Researchers from the UK and Canada have discovered that massive EU fisheries subsidies cause North Sea fisheries to be less profitable by encouraging fishing to continue long after the fishery is profitable, so damaging fish stocks.
Pumping EU subsidies into North Sea fisheries damages fish stocks because subsidies encourage fishermen to carry on fishing long after the fishery is profitable, new research reveals.
Researchers from the UK and Canada have discovered that the 208 million Euros paid out by the EU in fisheries subsidies resulted in North Sea fisheries actually being less profitable by a massive 71 million Euros.
“Our findings show the negative impact that subsidies have on both the biomass of important fish species and the profit that can be made. We found that subsidising fisheries does not make good economic or ecological sense,” said Dr Sheila Heymans of the Scottish Marine Institute.
Heymans and colleagues estimated total subsidies paid to a range of North Sea fleets and then incorporated the data into an ecosystem model of the North Sea.
They looked at two scenarios: maximising economic return; and maximising ecological stability. Examining the influence of subsidies on fisheries’ profitability between 1991 and 2003 revealed that subsidies decrease the potential profit of the fisheries. The scientists then forecast the outcome of different effort levels in the various fisheries.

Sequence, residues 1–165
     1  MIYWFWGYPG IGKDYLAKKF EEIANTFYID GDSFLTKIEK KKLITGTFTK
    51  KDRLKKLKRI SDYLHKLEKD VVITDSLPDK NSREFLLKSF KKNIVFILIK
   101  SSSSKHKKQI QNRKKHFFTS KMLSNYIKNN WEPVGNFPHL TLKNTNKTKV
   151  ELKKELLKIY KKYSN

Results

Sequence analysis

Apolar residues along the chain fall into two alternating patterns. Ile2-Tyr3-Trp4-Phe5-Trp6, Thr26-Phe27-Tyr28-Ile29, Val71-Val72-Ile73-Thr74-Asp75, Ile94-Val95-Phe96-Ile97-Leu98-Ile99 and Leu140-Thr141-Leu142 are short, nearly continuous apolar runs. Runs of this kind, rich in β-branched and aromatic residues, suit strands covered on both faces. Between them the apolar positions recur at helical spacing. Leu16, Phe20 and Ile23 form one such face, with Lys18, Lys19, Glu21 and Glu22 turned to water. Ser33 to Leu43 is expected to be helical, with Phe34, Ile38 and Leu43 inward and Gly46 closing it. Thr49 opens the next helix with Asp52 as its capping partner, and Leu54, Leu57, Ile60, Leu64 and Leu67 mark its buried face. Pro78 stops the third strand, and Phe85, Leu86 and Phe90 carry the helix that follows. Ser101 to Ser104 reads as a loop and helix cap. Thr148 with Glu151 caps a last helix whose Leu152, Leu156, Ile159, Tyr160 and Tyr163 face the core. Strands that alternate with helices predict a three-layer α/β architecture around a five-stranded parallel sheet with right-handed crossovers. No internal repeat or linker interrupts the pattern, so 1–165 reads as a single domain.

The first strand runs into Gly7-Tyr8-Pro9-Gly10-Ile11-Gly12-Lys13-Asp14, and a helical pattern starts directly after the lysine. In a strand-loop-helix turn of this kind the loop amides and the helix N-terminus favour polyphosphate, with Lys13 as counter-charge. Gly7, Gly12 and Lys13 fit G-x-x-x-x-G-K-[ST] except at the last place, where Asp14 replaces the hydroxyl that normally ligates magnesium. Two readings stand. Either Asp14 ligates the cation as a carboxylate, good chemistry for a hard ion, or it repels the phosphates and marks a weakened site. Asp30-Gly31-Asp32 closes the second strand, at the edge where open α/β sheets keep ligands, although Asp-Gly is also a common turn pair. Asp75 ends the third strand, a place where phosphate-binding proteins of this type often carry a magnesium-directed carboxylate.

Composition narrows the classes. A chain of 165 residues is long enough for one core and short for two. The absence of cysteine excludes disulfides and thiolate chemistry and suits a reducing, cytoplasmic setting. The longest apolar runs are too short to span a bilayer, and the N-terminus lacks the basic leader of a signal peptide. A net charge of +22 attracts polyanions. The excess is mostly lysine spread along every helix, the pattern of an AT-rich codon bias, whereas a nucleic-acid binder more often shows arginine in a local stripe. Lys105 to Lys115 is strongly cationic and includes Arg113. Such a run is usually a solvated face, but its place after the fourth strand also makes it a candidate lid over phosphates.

They discovered that to maximise profitability an increase in effort was required in some fisheries currently operating in the North Sea (Nephrops trawlers, beam trawlers and pelagic fleets) – but this would be at the expense of demersal trawl fishermen (who target fish like cod and haddock). However, even a three-fold increase in effort in the most profitable fleet (the Nephrops, or langoustine fishery) gave only six years of profit after which (even with subsidisation) the fishery made a loss.
“The model results suggest that you can maximise economic return from the North Sea in the short-term by increasing effort in fisheries like Nephrops trawling. However our work clearly shows the North Sea ecosystem is intimately linked, with some fleets and species suffering at the expense of gains in others”, said Steve Mackinson from Cefas, a co-author on the report.
The study showed that removing subsidies decreased individual fisheries’ income but increased the overall profitability and total biomass of commercial fish. When the scientists ran the model to optimise for profit, the amount of cod, haddock, herring and plaice increased and when they optimised for ecological stability, cod, plaice and sole biomass increased.
“The model shows that seeking ecological stability for the North Sea increases biomass of commercial fish species, creating a more robust ecosystem that is better able to withstand environmental fluctuations such as those we may see with climate change,” said Rashid Sumaila from UBC Fisheries Centre.